THE NATURE ISLE
Dominica’s Beauty and Recovery
JULY 6, 2018
The island of Dominica is known throughout the Caribbean as ‘The Nature Isle’ due to its lush rain forests, rugged and pristine coastline and a wide variety of flora and fauna, some of which is endemic to the island. Volcanic rock and towering cliffs enclose sandy bays, both hidden and vast, whilst the heavy seasonal rainfall turns streams into twisting rivers, the forested mountains hosting cascading waterfalls which vanish into a sea of pristine green below.
A myriad of fauna thought lost to time can be found thriving among the highlands of the island. From humble stick insects, lizards and hermit crabs, to the rare and endemic Sisserou parrot, the island is alive from rain forest floor to highest mountain top, the surrounding reefs and oceans some of the healthiest and abundant in the Caribbean. Many parts of Dominica are listed as natural parks and areas of outstanding natural beauty and importance, renowned for their tranquility, uniqueness and pollution free environments.
In September 2017, Hurricane Maria struck Dominica, preceded by heavy rainfall and landslides which cleaved away swathes of rain forest. Record breaking winds battered the island between September 18th and 19th, causing unprecedented destruction and disruption across the nation. All communication methods were disrupted, cutting the island off from the world.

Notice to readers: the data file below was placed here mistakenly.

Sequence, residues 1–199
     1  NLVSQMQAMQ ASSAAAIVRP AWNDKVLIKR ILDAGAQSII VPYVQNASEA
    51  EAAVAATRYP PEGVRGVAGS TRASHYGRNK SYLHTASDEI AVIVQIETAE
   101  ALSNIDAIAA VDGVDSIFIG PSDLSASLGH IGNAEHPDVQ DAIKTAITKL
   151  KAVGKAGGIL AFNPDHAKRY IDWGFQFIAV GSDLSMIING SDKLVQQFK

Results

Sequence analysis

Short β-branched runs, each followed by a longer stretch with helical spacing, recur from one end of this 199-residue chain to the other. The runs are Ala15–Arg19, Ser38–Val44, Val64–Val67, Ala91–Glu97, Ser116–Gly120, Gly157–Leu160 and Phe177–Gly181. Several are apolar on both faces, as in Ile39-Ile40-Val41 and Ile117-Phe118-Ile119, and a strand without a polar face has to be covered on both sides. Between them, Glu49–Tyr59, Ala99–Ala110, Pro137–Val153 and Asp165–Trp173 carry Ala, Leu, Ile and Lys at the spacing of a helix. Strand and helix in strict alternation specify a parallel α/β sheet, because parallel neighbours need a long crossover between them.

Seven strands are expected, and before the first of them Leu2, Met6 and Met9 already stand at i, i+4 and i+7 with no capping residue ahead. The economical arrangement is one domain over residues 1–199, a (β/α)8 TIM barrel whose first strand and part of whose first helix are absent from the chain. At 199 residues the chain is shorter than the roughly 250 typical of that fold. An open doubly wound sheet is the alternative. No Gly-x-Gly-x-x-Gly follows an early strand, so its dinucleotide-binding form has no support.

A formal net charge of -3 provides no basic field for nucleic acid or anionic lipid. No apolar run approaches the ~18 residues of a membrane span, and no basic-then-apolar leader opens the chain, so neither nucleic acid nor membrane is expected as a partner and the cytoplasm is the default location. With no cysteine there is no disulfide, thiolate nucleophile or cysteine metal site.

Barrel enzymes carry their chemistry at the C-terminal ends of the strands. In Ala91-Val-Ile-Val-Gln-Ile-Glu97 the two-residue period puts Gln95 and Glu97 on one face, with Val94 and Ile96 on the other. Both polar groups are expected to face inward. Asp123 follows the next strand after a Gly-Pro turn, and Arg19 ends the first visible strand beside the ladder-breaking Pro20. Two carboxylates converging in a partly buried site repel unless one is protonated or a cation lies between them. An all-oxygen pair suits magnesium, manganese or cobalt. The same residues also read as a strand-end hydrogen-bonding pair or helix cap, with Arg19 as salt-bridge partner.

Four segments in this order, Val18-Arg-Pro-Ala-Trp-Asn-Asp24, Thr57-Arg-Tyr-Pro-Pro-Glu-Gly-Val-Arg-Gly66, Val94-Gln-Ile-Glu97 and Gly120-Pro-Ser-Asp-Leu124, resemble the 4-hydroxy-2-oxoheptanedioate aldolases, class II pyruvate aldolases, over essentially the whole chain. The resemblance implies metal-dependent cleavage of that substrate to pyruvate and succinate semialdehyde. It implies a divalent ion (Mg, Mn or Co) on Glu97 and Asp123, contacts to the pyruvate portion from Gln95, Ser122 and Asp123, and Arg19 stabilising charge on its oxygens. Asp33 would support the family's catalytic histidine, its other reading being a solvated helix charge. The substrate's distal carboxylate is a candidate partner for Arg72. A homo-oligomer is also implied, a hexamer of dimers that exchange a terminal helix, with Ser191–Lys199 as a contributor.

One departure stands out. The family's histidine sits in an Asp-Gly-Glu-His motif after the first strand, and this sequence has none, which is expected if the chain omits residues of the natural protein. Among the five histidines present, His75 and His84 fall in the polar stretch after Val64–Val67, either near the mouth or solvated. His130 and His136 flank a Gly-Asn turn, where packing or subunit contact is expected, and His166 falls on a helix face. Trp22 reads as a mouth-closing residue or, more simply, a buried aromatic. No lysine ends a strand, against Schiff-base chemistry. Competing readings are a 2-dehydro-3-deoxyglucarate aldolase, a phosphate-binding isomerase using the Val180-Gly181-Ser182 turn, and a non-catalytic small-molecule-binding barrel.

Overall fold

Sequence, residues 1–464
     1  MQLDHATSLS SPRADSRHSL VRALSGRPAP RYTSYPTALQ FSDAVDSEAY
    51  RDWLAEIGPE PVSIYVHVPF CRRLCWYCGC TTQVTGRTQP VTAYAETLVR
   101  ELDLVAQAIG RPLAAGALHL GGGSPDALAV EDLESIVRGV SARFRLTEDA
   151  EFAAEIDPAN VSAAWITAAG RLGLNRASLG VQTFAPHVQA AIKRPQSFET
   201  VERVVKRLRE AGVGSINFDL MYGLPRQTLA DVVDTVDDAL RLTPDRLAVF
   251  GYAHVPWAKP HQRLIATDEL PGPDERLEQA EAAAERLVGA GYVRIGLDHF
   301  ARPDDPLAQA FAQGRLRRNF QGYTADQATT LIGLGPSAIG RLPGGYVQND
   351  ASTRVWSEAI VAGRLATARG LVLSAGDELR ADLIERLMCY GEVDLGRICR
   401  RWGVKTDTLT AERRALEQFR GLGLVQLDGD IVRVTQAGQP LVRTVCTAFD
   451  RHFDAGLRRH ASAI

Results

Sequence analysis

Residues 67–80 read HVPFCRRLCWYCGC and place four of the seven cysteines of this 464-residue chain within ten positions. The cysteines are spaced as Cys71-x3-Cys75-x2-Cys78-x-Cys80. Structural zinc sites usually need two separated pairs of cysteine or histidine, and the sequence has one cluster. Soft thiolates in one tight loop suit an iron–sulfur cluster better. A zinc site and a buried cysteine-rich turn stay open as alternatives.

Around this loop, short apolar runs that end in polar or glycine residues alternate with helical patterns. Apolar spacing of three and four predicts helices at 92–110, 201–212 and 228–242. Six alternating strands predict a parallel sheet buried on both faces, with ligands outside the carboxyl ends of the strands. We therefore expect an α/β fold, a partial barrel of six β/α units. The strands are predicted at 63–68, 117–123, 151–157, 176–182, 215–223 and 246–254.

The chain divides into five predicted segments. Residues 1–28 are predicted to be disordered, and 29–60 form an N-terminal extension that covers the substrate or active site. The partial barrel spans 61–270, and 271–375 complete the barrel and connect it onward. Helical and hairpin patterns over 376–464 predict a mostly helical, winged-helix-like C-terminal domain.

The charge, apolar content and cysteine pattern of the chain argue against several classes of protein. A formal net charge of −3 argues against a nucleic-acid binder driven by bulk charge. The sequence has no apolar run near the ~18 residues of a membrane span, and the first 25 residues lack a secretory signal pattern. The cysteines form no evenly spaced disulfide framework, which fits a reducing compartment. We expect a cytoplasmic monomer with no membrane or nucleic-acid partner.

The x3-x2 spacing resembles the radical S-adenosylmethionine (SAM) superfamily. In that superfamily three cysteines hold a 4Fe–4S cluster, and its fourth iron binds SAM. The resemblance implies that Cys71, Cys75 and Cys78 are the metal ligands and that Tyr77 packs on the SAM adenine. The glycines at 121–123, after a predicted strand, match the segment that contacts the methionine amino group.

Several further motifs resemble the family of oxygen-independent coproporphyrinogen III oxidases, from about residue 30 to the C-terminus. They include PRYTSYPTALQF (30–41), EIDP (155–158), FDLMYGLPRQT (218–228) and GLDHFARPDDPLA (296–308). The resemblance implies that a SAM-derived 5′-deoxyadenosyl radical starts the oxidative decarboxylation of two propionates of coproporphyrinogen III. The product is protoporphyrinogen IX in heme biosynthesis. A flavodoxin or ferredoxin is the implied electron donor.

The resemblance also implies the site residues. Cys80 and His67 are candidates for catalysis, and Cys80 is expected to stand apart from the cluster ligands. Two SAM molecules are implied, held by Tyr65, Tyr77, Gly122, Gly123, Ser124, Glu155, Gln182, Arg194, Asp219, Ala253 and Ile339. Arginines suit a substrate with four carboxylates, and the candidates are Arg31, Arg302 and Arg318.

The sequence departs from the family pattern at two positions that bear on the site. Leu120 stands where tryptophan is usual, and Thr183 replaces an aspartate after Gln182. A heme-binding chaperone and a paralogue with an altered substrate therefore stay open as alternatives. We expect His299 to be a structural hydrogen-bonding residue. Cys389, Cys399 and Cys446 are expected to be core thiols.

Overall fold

The famed natural features of Dominica were not spared. The UNESCO heritage site of Morne Trois Pitons national park was left pitted and scarred. Treetops stood bare, gaping wounds now evidenced the impact of landslides, whilst trees lay toppled in their hundreds. Elsewhere the coastline reeled from the storm, the sand pockmarked by fallen trees and covered with storm debris vomited up by the now quiet waves. Rivers had burst their banks, turning placid streams into torrents which in parts had washed away roads, leaving areas of the island inaccessible for a number of days.
Now, 9 months on from hurricane Maria, the nature isle is slowly recovering. The wounds inflicted upon the environment may take years to truly heal, but the impact upon the residents of Dominica has been directly addressed. All Hands And Hearts – Smart Response is spearheading the next phase of recovery for Dominica, returning education to the children of the island, those severely impacted as a result of Maria’s devastation.
Focusing initially on the rebuild of the Paix Bouche school, an education hub for four local communities. Volunteers will repair and storm proof the school, installing disaster proof walls and roofing. Installation of a new computer lab and safe and resilient electrical systems is expected to positively impact over 260 students over the next 10 years, whilst the building itself will be strong and safe enough to act as a storm refuge for the local community for many years to come.
Written by George Janes. Photography by Georjie Adams & Nessy Rayner for All Hands and Hearts.